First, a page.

Schmidt(1969) tried to revise and change in many aspects the nomenclatura creating more categories and subcategories, which makes it complicated and limiting, since it is based on material discharged and well preserved, which is not always possible (England 1991, Acuna et al 2003 Ostman 2000). The concept of mesobasic was introduced by England (1991) and is an intermediary term between microbasic and macrobasic, first introduced by Weill (1934). These terms refers to the length of the discharged shaft (Ostman 2000). Below there is a hierarchy picture, which resumes the types and nomenclature considered (Fig 2).

Figure 2


Acontia presented a variety of cnidocysts but mesobasic p-amastigophore was the predominant, followed by b-mastigophore (Fig 4). Macrobasic b-mastigophore was also identified (Fig 5).There was a diverse morphology of p-amastigophores, but most presented a medium to large size capsule, with undulating shaft, with two visible regions, the proximal with less dense spines, and the main with denser and bigger spines.  In addition, most shafts ended with a cone shape but some presented a tiny thin tubule or a rod shape (Fig. 3, 4, 6-9,11). In a few was possible to see the broken tubule inside the capsule (Fig 3).

The p-amastigophore presented an average capsule length of 52.5μm, width 10μm and shaft length 87.5μm. In relation to b-mastigophore, the average capsule length was 20.93μm, width 2.73μm, shaft length 22.75μm, and tubule length 81.9μm.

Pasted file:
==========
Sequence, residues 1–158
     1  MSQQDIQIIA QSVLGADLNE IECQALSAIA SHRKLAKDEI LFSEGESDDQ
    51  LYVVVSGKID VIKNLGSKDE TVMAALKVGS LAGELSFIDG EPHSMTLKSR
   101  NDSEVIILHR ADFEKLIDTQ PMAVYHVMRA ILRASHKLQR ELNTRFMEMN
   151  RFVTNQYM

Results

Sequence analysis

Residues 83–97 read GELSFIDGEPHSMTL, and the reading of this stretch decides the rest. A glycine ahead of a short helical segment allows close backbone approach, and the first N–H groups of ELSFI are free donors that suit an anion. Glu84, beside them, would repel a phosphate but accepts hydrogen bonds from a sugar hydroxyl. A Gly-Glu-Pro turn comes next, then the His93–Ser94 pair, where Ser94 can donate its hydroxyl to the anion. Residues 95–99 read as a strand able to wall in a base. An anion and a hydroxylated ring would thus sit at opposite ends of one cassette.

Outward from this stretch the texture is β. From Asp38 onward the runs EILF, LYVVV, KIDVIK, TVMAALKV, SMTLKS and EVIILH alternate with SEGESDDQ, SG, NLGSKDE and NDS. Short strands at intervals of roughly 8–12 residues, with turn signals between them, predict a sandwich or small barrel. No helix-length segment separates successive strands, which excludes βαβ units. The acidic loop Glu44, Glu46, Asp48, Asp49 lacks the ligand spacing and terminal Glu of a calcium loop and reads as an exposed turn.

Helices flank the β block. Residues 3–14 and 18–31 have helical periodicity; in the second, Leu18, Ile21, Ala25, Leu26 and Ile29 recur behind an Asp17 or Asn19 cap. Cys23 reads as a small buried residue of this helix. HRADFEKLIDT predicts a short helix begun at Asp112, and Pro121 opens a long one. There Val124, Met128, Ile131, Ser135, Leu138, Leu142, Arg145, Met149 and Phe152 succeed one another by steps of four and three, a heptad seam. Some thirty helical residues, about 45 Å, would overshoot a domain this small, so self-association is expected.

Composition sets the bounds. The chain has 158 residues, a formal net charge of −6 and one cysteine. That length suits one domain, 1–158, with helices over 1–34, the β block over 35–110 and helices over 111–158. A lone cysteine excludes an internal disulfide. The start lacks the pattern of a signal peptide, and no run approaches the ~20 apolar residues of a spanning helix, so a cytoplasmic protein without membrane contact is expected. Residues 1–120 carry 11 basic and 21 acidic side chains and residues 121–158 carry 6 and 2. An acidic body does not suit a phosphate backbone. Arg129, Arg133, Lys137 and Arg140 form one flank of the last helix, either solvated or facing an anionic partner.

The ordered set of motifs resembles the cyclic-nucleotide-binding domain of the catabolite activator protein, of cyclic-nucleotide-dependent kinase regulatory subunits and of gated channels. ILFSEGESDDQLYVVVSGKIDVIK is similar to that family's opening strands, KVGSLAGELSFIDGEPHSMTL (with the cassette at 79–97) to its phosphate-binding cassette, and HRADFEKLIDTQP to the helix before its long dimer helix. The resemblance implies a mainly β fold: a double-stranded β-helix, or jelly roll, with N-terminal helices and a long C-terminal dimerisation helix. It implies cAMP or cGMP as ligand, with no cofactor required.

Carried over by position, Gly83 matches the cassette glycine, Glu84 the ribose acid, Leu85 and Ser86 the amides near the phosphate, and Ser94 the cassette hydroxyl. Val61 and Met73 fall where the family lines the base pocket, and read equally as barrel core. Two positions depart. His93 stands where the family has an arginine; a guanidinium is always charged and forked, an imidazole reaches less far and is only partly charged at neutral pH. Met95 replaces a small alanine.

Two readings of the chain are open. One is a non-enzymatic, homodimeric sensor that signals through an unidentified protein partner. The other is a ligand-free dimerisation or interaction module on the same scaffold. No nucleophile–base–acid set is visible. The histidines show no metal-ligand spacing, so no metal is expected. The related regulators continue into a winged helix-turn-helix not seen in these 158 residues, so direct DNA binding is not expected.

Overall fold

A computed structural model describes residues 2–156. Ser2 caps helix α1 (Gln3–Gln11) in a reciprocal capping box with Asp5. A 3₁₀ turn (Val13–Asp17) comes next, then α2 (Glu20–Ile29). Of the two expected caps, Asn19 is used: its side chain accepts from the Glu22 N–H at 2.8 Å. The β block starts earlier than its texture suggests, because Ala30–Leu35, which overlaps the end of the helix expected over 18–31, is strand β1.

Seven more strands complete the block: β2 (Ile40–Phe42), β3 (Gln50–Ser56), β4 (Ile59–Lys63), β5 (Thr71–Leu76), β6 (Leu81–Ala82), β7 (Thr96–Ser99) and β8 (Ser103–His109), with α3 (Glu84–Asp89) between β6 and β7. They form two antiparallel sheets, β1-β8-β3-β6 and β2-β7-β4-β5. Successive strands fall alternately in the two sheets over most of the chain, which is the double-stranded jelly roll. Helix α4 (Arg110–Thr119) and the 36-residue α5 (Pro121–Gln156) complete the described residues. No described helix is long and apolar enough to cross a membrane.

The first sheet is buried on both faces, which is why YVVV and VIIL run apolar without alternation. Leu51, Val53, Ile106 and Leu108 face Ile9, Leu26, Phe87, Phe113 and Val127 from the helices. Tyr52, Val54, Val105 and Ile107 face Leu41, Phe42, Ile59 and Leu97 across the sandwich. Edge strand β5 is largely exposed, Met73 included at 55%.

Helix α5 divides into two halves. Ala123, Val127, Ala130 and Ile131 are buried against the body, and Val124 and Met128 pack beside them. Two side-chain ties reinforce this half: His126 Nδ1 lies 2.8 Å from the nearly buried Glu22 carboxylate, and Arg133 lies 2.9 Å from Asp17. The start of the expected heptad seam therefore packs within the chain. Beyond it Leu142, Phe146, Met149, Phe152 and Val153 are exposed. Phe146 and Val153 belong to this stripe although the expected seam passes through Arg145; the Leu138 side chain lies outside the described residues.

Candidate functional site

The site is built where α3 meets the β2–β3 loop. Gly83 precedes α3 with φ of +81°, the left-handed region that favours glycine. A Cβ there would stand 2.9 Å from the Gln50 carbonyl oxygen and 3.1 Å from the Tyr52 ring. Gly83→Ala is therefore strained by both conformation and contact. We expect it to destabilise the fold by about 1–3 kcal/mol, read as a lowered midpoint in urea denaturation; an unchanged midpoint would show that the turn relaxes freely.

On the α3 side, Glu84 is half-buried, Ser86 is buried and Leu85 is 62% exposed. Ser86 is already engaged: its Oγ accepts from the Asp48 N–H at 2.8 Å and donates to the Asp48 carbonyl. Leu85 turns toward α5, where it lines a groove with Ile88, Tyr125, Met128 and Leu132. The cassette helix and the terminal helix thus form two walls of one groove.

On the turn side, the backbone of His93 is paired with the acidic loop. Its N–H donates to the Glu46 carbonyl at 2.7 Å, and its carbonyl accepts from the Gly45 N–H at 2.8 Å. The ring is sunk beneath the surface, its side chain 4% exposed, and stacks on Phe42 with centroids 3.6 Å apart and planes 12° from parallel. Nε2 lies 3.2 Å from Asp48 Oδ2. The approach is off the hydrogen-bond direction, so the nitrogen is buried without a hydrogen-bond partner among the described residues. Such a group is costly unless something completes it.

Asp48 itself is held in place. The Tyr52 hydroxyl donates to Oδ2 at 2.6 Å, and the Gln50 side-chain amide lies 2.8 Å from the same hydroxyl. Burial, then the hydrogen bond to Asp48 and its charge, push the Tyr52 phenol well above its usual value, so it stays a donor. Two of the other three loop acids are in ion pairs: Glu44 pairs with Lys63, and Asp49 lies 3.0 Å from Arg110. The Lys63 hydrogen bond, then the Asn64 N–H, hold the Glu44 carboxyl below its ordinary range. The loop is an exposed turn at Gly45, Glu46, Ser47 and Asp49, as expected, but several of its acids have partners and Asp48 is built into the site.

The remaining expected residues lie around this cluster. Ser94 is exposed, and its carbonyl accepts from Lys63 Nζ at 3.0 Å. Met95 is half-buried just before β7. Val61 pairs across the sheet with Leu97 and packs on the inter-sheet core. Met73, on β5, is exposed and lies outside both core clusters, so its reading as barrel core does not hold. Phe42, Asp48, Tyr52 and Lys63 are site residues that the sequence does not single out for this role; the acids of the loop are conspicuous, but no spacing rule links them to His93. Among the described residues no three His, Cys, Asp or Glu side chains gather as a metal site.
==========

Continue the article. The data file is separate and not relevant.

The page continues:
Figure 3
Figure 4
Figure 5
Figure 6
Figure 7
Figure 8
Figure 9
Figure 10


A variety of cnidocysts were identified but there was a dominance of spirocysts followed by mesobasic p-amastigophore and b-mastigophore (Fig 15, 16). Only one variety of p-amastigophore was identify and had a shaft without spines with a cone shaped end. No tubule was visible even in the undischarged capsule, which had a clear narrow proximal shaft and V-shape notch end (Fig 13). The spirocysts presented a capsule average length of 19.82 μm. The p-amastigophore average capsule length was 39.63 μm, the width was 5.17 μm ,  and shaft average length was 84.47 μm.

Figure 11
Figure 12
Figure 13
Figure 14


The cnidocysts found in the structures analysed differ in quantity and type. The tentacle presented more variety of cnidocysts than acontia. It had spirocysts; p-amastigophoreand b-mastigophore, while the acontia had p-amastigophore and b-mastigophore. But p-amastigophores were fairly bigger in the acontia than in the tentacles, it presented a mean capsule length of 52.5μm, while in the tentacle it had an average length of 39.63 μm. The results are very similar with what was found by Grajales and Rodriguez (2014) for the same specie. They found p-amastigophore, basitrichs, and spirocysts in the tentacles, with the last being the dominant, followed by p-amastigophore. In the acontia they also found p-amastigophore, which presented in two very distinguished sizes and basitrichs. Largep-amastigophore and basitrichs were very common. Cutress (1955), England (1991), and Ostman (2000) considered that basitrichs and b-mastigophores were overlapping nomenclatures, so it was considered that the basitrichs reported by Grajales and Rodriguez (2014) correspond to b-mastigophore. The cnidocysts identify in this study, also coincides with what was found by Reft (2012) for two species from the family Aiptasiidae, which is the same of the specie of this work.